The following morning, I and others were picked up for a coach tour to Banff and Lake Louise. Overnight there was a substantial snow fall which caused some delays and also caused me to pick up a toque and a pair of mitts.  We spent one hotel night in Banff (the one with the terrible coffee maker) and one night in Fairmont Chateau Lake Louise, a huge hotel of 800 rooms not really guest friendly.   I should state at this point that my intention for this trip was to be SOLO.  And so I had a lot of room service meals.  (I have 24 hour a day company at home.)  I didn’t work at meeting people but there was some chance to do so at train dining tables.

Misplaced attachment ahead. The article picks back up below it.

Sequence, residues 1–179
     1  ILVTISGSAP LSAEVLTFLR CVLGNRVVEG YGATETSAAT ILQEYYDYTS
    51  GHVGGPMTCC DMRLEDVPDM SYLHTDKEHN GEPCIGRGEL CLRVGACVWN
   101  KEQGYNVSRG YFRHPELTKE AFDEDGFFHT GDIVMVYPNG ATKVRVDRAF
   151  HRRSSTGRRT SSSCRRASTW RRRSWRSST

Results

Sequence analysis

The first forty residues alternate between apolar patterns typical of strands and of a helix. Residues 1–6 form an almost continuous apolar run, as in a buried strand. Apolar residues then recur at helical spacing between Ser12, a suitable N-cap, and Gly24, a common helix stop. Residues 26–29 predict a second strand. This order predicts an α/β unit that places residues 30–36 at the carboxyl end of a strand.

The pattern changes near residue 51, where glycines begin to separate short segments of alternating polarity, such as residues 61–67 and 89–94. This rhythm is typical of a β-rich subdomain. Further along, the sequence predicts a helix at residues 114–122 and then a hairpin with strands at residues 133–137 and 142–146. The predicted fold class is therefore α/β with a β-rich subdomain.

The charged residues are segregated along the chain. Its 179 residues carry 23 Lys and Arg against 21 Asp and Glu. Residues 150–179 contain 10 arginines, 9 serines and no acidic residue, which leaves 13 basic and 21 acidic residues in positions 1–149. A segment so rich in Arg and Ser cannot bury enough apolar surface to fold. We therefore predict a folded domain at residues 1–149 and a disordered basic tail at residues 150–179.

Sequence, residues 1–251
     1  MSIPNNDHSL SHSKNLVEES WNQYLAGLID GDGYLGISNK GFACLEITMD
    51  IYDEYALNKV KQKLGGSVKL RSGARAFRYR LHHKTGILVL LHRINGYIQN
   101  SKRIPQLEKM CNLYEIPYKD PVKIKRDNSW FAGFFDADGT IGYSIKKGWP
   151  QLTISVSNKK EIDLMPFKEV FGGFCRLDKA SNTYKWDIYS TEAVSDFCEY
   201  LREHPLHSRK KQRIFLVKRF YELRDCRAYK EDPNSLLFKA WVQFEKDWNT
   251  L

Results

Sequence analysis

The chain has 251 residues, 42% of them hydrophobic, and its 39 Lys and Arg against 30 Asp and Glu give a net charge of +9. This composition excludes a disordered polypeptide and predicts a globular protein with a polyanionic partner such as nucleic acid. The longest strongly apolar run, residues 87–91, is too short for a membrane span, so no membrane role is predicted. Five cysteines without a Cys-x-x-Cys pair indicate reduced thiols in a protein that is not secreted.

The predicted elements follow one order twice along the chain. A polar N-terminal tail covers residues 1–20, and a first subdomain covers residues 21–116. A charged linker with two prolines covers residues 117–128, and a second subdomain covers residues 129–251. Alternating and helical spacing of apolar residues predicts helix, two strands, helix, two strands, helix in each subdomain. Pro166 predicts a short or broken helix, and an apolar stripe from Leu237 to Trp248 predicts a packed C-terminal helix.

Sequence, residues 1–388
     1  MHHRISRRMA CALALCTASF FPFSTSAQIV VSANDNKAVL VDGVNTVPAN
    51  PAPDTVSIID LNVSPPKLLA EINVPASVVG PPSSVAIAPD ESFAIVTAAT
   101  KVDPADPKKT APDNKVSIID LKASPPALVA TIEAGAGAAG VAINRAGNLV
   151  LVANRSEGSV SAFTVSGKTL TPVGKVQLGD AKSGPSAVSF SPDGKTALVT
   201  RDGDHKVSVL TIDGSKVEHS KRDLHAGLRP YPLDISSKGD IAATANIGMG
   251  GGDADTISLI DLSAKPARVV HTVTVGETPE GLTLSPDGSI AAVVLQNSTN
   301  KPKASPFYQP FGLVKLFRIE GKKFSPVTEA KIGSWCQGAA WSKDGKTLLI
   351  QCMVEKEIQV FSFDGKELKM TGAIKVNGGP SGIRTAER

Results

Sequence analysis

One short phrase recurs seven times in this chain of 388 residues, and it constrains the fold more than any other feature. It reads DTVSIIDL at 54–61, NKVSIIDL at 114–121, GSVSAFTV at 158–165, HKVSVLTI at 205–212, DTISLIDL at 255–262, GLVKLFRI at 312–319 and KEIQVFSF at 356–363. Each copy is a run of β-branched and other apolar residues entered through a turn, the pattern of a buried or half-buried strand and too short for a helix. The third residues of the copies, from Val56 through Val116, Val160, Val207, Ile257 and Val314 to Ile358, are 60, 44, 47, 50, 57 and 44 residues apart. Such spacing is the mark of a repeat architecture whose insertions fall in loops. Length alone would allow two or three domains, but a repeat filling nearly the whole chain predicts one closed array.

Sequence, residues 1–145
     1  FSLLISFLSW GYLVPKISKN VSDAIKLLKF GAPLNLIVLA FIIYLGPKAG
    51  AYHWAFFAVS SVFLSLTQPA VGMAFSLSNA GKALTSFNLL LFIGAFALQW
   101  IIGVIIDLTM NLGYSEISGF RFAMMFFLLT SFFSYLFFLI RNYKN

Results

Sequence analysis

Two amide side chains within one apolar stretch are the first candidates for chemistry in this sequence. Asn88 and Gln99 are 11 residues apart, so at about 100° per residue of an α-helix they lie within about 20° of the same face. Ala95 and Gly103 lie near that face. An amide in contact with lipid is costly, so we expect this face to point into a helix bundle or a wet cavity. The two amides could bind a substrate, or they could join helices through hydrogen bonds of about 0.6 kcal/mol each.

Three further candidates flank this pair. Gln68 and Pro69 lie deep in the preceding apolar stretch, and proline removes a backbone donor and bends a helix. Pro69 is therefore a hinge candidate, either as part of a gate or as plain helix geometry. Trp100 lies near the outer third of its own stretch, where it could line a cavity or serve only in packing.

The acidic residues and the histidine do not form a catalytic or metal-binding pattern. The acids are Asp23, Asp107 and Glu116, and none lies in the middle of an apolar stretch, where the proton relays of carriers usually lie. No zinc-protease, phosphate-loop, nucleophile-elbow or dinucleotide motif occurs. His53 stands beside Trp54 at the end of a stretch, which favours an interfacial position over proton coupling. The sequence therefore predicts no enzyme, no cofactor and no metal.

While at Banff, those of us on the coach tour were to have a helicopter ride and a gondola ride.  Helicopter ride was ruled out at the site, because of strong winds.   The gondola was great for viewing the landscape, and when I ascended solo in a car by myself the wind rocked me from side to side a little more than I liked. After this tour package which was part of a Rocky Mountaineer Package, we left the Chateau to board the Rocky.    It was impeded by a dead freight car and we had to go to a place called Field to board. This detour led our bus on the Kicking Horse Pass section of highway. If we’d been on the train, we’d have gone through some interesting tunnels.  You might expect a rather expensive journey on a special train to bring out spectacular wardrobes, but I and my fellow passengers were very casually dressed.  Comfort is the important thing.